(Today's feature, by publisher Jim Shepherd, appeared initially in The Outdoor Wire.)
The latest statistical study we’ve seen on the sportfishing market seems to paint a pretty optimistic picture for the recreational fishing industry. That’s good news as everyone preps for ICAST next month in Orlando, Florida.
The newest research indicates the overall sportfishing tackle market grew a whopping 12% to nearly $6 billion in 2018. According to the study, growth was primarily fueled by rods, reels and combo outfits that grew in both dollars and units sold.
Good news - if you’re a retailer- but for everyone concerned about growing the sport, it’s not all blue skies and a hot bite.
According to the Southwick & Associates (www.SouthwickAssociates.com) angler participation numbers, participation -the number of anglers going fishing- remain flat for 2018. If that is, in fact, the case, does it mean anglers are spending more, but not necessarily proselytizing the sport?
I talked with Rob Southwick yesterday, and he reminded me of something significant for the long-term health of fishing. Angling’s core customers, are doing what blue collar workers do in good economic times: they’re working. They don’t always have the luxury of extra time to take a fishing trip.
It’s something that’s been true for decades. In the boom years of the 70s, workers -including me- didn’t have time for “get aways” - we were working. Our bosses and the business owners were enjoying more leisure time - because with good times, the business was, basically, running itself.
I have a tendency to look at what’s happening in the outdoors from my time in the golf industry. Golf is a sport where spending and participation have been directly tied to two things: age and income. More money and more time is good- until you have an audience that’s basically aged out of the sport. Today, golf is a sport on the ropes on the consumer side.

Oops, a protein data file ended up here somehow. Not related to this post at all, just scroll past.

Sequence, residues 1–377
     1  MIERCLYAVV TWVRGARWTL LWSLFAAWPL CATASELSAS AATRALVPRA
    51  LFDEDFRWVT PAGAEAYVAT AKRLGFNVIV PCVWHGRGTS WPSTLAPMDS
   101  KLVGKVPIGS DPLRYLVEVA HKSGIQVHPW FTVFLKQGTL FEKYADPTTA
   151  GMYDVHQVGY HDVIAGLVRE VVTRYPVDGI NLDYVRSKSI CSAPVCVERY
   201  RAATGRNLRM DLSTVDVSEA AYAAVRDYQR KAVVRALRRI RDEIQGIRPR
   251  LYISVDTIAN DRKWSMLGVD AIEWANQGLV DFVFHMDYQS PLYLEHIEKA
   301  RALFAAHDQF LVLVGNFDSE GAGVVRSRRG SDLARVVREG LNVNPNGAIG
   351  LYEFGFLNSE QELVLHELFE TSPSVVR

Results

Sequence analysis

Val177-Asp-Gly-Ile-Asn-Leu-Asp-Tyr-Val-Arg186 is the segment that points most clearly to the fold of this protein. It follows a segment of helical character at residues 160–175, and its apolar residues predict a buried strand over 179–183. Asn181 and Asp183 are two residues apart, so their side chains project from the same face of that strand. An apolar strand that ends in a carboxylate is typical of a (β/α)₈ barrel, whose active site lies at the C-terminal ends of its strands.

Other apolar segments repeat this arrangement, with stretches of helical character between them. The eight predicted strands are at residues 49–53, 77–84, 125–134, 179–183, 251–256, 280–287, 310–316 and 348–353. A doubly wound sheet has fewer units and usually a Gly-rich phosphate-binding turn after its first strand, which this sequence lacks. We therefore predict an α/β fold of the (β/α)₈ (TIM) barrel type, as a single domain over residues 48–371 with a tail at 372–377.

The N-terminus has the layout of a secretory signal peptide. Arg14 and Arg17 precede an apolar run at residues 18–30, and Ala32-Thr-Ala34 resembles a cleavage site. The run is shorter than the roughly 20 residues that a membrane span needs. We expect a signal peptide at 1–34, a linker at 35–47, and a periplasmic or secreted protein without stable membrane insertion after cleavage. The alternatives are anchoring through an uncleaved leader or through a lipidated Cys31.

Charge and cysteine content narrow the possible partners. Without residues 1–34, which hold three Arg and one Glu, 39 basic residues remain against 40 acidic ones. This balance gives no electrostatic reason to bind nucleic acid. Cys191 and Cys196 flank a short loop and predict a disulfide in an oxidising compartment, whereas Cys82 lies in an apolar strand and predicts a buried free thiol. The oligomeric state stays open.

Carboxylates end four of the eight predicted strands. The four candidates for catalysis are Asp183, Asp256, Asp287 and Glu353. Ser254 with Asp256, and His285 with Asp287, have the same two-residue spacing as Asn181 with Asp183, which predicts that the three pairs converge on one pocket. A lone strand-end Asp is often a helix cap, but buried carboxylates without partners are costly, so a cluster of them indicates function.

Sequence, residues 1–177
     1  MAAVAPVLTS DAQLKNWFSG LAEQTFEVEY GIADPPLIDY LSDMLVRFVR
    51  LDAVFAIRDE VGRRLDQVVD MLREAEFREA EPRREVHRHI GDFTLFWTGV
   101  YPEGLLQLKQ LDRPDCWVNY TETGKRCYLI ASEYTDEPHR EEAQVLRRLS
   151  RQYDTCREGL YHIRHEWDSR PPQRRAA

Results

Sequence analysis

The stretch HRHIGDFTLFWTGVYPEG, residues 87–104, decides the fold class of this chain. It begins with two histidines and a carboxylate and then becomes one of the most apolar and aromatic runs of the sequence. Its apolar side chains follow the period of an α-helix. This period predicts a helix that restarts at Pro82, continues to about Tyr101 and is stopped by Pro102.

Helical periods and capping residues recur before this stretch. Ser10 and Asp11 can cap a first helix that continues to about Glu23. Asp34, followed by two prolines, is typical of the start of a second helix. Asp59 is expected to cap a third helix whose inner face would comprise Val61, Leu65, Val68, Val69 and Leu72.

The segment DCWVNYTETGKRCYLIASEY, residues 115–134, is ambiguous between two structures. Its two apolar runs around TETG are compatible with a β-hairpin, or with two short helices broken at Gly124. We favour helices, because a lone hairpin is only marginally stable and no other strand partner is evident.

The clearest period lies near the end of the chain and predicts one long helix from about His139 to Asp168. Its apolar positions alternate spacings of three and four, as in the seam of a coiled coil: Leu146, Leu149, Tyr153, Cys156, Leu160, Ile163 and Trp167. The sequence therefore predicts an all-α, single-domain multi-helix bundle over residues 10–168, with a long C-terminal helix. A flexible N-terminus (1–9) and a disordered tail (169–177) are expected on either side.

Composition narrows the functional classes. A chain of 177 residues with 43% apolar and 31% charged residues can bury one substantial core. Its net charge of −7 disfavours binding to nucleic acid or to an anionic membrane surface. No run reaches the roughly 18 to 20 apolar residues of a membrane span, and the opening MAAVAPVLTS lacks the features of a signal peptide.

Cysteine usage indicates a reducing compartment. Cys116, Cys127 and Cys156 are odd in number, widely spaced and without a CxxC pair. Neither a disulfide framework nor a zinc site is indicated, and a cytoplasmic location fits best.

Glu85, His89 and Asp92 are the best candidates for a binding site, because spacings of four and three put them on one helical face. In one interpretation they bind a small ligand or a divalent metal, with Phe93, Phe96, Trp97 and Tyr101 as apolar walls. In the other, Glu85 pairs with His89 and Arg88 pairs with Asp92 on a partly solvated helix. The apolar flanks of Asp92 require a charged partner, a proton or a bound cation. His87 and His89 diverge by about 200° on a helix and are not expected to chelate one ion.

That isn’t necessarily the case here. Especially when you consider that the blue collar workers might not have the luxury of the time to fish more; but their increasingly optimistic financial situation enables them to move to higher quality purchases they’ll be able to enjoy when they do have leisure time.
Like every business, there are a myriad of things in play. But it’s not a reach to say that the angling trade has reasons to be optimistic for the future. That allows them to focus on something every recreational business needs to work toward: bringing in new participants.
“Not everyone in the trade may be seeing the large gains across the industry due to inventory issues related to retail mergers and other factors,” Southwick VP Nancy Bacon told me, “but consumers are still spending on fishing equipment.”
The downside of that spending? There have never been so many avenues available to purchase product. Simply put, retailers are having to battle for those customers more than ever before.
Tackle shops, however, enjoy one significant advantage over their colleagues in the shooting sports. One thing that helps offset any price difference is the local knowledge that these shops offer their customers.
When traveling to unknown waters, many experienced anglers only bring their basic gear. They’ll head directly to the local bait and tackles to find out to things: 1) what’s biting, and 2) what getting bitten the most.
That’s information you can use. It’s another compelling reason to consider changing some of the gear you brought for the stuff locals are telling you works best. Fishing Arkansas’ White River a couple of years ago, I was the angler in my boat that wasn’t catching fish, and I was throwing the exact same bait as my companions.
We were stumped, until the guide noticed something. I was using my own gear and my line was tinted. My companions were using his gear and all their line was clear. When he added clear line to my reel, my bite improved- immediately. I tipped him considerably more than the cost of that very small bit of line - but you get the point- the right equipment means results.
Another reason everyone might not be realizing the same gains is the changing demographic of our society.
Today’s young consumer, I’m told, isn’t as aspirationally driven as my aging generation.
They are experientially driven. They want to participate in activities with their friends.
If their friends are fishing, they’ll give it a try. If, however, they don’t find it rewarding, they’ll move on to something that meets their needs.
Keeping them from moving on is the question every subset of “the outdoors” is trying to answer.
We’ll keep you posted.
—Jim Shepherd, Publisher, The Outdoor Wire